An agreement struck this week by the negotiators of the European Parliament and the Czech Presidency of the EU Council aims to make investments in European long-term investment funds (ELTIF) more attractive.
ELTIFs are funds that focus on investing in a variety of alternative asset classes like infrastructure or SMEs that are not listed on the stock market and are thus usually difficult to invest in.
The ELTIF regulation has been in place since 2015, laying out detailed rules on the assets, diversification, leverage limits, and marketing of a fund, as well as determining who could invest in it.
However, not much money ever flowed into the European long-term investment funds. According to the law firm Linklaters, there are currently only 68 ELTIFs in the EU, with €2.4 billion of total assets under management.
“This category of funds is at present largely unknown due to obstacles in its regulatory framework which we have today agreed to remove,” said Czech Finance Minister Zbyněk Stanjura, who led the negotiations with the Parliament on behalf of the member states.
Considering that the Commission had presented its proposal for the reformed rules less than a year ago, the legislative process on this issue was rather fast.
The revision provides fund managers with more flexibility in the composition of the portfolio and expands the scope of eligible assets. For example, ELTIFs can now also invest in fintech companies dealing with digital financial services.
“The revision will make it easier for long-term fund managers to set up ELTIF structures,” said Eric de Montgolfier, CEO of Invest Europe, an association of investment firms.
Moreover, the reformed ELTIF regulation will make it easier for retail investors to invest in ELTIFs by removing some barriers to entry, which was welcomed by the Parliament’s rapporteur on the file, Michiel Hoogeveen of the right-wing European Conservatives and Reformists (ECR).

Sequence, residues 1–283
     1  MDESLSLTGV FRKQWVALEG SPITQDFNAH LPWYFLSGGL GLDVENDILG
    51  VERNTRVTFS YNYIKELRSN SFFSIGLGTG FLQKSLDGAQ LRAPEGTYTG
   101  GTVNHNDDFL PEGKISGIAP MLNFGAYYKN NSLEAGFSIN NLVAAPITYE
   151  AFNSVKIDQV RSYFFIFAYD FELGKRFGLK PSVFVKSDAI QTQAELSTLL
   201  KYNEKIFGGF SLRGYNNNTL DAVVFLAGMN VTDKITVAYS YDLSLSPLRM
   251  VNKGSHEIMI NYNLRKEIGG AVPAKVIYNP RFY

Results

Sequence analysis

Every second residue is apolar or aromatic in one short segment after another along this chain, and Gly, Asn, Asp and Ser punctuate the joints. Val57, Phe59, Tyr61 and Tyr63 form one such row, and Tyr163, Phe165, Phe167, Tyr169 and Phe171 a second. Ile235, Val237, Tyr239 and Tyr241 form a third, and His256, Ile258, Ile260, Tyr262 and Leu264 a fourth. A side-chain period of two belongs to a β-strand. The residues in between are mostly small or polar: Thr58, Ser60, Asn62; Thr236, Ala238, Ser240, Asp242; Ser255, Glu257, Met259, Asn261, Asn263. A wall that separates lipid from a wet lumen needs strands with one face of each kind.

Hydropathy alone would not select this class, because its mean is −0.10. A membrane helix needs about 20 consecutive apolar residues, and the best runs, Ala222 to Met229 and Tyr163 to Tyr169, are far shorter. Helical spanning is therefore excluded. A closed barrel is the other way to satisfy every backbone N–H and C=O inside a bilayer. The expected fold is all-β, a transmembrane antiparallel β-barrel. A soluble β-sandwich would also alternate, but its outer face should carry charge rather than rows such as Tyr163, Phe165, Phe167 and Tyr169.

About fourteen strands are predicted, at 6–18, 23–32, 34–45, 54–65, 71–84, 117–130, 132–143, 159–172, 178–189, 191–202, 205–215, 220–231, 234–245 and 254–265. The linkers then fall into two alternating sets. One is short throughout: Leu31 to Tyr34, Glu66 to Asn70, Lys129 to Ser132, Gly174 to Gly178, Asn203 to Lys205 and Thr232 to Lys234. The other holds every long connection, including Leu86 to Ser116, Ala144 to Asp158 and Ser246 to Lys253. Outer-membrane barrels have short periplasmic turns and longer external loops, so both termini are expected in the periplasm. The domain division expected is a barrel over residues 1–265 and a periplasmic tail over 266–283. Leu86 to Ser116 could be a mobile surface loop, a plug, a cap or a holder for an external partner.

“Importantly, neither the Council nor the Parliament opposed the removal of unnecessary barriers,” he told EURACTIV. Previously, retail investors with financial portfolios below €500,000 could not invest more than 10% of their portfolio in an ELTIF and needed to invest at least €10’000.
In a further move to support the pick-up of ELTIFs, they will now be open to fund-of-funds structures, thus increasing the scope of possible investors for the funds.
“Particularly the deal on the thresholds and the possibility for full fund-of-funds structures should make a tangible difference to accelerate the uptake of ELTIFs,” MEP Hoogeveen said.
According to Invest Europe’s de Montgolfier, “this will be at the benefit of both retail investors looking to invest capital in long-term projects and the companies that need such capital to grow and contribute to the sustainable and digital transitions”.
The ELTIF reform was part of the Capital Markets Union package, with which the Commission tries to further integrate the EU’s capital market, and is seen as an important step in efforts to provide enough growth capital for EU companies.
[Edited by Zoran Radosavljevic]